However, the reader can be skeptical of her account, or at least question if she is telling the entire truth. Offred explicitly states, “If it’s a story I’m telling, then I have control over the ending. Then there will be an ending, to the story, and real life will come after it. I can pick up where I left off” (Atwood 39). Offred frequently thinks of what could have happened, (the possibility of a better outcome), in the hope of constructing a better past. This provides her with the hope that things were and will get better, but she realizes that that is far from the truth and corrects herself, as shown when she states,“I made that up. It didn’t happen that way. Here is what happened” (Atwood 261). The reader sees Offred’s personal development through her narration. Offred’s narrating skills develop as the plot develops. As Offred’s character endures more pain and attempts to tolerate the challenges inflicted by this oppressive society, she seeks inner-council and sanity. She finds console through the liberating act of “storytelling”.
In his academic essay titled The Necessity of Telling Her Story, Donal Hu Gaynor discusses the unreliability of Offred’s narration and her flaws as an overall character. He discusses how the fallibility of Offred mostly derives from her ability to be incorrect. Gaynor states that, “The question of Offred’s veracity in telling her tale comes into focus when she starts presenting alternative versions… By making it clear that she is telling the reader about her hopes and fears she is not trying to deceive us, but she is making it clear that the events she is describing are not necessarily true. Offred’s account of these events is inherently unreliable,”(Gaynor 11). As I stated previously, Offred’s choice in narration and what she narration is inherently the reason why her account is unreliable. The emotional veracity of what she is saying is however increased. She is allowing the reader access to her hopes and fears. As Offred is a first-person narrator understanding her motivations and feelings is essential to understanding her telling of the story. Gaining access to her innermost feelings makes her version of events more emotionally honest giving veracity to her account.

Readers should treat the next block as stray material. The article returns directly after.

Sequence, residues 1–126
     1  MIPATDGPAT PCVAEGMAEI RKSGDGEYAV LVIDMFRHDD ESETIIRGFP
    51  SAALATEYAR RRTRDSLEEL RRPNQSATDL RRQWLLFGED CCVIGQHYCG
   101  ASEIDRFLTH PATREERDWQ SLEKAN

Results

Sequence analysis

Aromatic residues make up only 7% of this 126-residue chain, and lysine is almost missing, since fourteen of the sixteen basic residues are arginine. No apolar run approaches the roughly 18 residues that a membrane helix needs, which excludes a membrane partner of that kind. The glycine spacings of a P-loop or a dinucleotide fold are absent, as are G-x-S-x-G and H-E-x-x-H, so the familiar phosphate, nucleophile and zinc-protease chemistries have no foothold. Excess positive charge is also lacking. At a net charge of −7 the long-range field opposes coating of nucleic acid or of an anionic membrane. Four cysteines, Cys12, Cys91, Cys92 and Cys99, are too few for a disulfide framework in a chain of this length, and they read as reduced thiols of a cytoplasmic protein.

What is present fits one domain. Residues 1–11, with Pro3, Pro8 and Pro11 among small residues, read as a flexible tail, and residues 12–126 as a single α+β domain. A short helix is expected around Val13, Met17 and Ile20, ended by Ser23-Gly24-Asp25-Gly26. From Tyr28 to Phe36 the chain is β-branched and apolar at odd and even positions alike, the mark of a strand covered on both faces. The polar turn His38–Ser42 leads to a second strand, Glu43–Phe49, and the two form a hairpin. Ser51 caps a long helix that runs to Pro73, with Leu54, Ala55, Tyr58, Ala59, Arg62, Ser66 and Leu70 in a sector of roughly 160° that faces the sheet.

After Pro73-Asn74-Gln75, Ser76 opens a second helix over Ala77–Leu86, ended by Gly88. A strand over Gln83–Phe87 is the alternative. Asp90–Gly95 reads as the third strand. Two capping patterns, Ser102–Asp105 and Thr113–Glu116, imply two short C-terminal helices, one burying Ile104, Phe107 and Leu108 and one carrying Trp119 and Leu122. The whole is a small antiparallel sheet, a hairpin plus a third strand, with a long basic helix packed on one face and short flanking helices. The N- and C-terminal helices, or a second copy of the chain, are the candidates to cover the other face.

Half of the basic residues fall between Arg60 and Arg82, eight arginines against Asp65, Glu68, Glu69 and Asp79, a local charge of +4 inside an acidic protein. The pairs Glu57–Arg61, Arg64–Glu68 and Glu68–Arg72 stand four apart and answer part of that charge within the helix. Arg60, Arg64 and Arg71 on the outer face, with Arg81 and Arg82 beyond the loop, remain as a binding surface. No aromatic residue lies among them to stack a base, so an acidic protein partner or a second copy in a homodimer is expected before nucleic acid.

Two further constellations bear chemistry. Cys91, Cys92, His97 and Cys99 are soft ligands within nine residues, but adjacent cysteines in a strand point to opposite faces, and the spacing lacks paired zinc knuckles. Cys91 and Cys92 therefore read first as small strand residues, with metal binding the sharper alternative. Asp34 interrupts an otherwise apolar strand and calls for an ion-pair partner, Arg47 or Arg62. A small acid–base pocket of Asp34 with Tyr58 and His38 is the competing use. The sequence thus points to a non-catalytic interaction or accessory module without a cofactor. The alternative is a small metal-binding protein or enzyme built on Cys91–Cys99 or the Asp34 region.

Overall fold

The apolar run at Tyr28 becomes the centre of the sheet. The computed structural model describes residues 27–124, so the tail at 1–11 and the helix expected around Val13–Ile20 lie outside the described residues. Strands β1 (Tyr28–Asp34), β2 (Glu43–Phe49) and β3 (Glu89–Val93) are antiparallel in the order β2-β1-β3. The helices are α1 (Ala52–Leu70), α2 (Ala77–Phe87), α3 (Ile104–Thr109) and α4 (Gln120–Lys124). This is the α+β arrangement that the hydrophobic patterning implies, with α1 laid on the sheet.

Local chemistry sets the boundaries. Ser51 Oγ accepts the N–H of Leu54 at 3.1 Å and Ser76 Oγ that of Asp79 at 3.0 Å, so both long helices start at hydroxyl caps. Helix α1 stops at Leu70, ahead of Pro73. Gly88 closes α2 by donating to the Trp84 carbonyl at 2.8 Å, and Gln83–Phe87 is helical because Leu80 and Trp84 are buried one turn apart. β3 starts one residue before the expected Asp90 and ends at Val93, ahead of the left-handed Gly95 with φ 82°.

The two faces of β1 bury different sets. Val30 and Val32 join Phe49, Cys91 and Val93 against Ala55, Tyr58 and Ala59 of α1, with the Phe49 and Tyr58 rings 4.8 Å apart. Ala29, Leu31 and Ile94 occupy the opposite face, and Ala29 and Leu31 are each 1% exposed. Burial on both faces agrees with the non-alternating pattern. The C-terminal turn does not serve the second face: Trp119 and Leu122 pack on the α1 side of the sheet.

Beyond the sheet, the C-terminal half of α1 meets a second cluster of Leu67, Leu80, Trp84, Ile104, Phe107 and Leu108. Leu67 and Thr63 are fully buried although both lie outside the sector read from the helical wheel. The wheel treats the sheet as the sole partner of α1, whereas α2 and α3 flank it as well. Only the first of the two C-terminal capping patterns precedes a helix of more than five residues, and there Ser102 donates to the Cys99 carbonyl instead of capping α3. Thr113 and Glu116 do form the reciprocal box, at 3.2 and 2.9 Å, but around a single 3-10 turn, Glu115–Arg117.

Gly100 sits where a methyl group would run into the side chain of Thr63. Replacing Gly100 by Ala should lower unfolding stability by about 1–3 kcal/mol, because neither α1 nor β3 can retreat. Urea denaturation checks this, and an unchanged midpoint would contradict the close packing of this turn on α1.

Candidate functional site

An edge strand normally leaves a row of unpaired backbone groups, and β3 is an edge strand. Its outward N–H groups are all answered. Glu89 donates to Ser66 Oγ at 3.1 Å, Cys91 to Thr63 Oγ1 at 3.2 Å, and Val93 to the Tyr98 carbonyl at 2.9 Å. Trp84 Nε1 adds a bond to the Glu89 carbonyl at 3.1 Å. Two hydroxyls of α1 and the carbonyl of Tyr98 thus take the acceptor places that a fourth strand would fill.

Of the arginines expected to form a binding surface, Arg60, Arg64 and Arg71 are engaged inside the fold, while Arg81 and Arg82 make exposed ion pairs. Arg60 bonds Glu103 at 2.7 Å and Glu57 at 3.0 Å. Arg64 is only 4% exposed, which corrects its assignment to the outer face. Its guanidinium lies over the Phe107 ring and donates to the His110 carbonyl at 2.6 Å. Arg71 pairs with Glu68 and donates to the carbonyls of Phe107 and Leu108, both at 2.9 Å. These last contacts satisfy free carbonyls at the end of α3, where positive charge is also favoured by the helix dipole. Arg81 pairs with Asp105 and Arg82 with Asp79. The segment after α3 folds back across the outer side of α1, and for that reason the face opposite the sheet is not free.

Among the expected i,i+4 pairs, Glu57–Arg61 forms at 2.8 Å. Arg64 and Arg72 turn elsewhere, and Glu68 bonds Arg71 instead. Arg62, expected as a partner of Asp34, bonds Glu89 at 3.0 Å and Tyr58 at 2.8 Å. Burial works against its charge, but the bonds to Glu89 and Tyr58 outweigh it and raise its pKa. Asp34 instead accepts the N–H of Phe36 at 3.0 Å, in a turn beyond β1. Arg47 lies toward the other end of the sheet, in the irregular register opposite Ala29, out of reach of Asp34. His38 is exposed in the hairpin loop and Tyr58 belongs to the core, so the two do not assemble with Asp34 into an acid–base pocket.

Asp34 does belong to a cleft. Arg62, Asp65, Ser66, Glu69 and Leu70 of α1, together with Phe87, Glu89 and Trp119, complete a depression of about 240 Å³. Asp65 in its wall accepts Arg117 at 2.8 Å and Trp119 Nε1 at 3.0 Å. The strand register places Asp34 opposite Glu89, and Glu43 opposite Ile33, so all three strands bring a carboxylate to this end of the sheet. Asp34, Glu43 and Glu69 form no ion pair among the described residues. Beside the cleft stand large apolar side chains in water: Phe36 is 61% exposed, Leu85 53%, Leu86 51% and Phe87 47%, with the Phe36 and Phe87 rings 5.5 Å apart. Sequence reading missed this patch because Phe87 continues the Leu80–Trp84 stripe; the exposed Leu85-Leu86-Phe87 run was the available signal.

In her dissertation, Gulick states that “In The Handmaid's Tale, mirrors are used into two main ways, these also demonstrating the stages of the protagonist's psychological development. The first way, found primarily in the first half of the novel, is to distort or prohibit Offred' s discovery of herself. The second way mirrors are used, primarily in the second half of the novel, is to illuminate, reflect, and enlighten Offred, and thus, aid her in her journey toward self discovery,” (Gulick 75). Contrastingly, author Mary McCarthy argues that Atwood’s novel is “a serious defect, unpardonable maybe for the genre: a future that has no language invented for it lacks a personality.” She also believes that the narrator lacks a personality which is essential in dystopian novels. This secondary source is a book review that assesses the content of Atwood’s novel and its significance. Overall the author of this article was pleased with Atwood’s work but questioned her contrasting take on the genre of speculative fiction. However, I believe that McCarthy fails to establish Atwood’s “Ustopian” ideas present in her novel and how that makes her novel unique to others that are published in the genre of speculative science fiction. I believe that Atwood’s dystopia does not lack a personality, and although it is not similar to those published in novels of a similar genre, she does this for quite a few reasons. One reason is to emulate a society similar to reality and to demonstrate the closeness in proximity. Margaret Atwood attempts to reveal how closely related are two worlds are, our reality and the world present in her novel. She writes a timely novel that showcases the possibility of a oppressive and dangerous inevitable future that awaits our society. She does this by incorporating familiar aspects of our society, like the game Scrabble, football stadiums, fake news, etc. Another reason Atwood chose to write a dystopia that may not be depicted as very futuristic or fictional was that, as she states in her interview with The Guardian titled, The Road to Ustopia, “There is nothing in The Handmaid’s Tale that didn’t happen somewhere,”(The Guardian Atwood). McCarthy fails to understand that Atwood’s novel is not completely a dystopia and that also Offred is not solely a pawn to highlight the dystopian feature of Gilead. As stated previously in Gulick’s dissertation, I believe that Offred does not lack character, and in fact her personality develops over the course of the novel.
Offred’s self-discovery is a rediscovery of the person that she previously was before the creation of Gilead. She reminds herself to remain sane and “to not forget”, for her knowledge and memory of the past are the only individualistic aspects that she can hold onto. Offred’s faulty or inaccurate account is also a response to the Utopia that Gilead attempts to build. She uses her own inadequate language when telling her account and she is critical of the fundamentalism in place. Her own language, including the “blank spaces,” which is symbolic of the language left for and used by the handmaids because although they have another language to interpret for themselves, such as the Latin phrase “Nolite te bastardes carborundorum,” it is still not theirs even if they build off of it. Thus, nothing is truly theirs therefore Offred relies solely on her ability to construct a story, her story.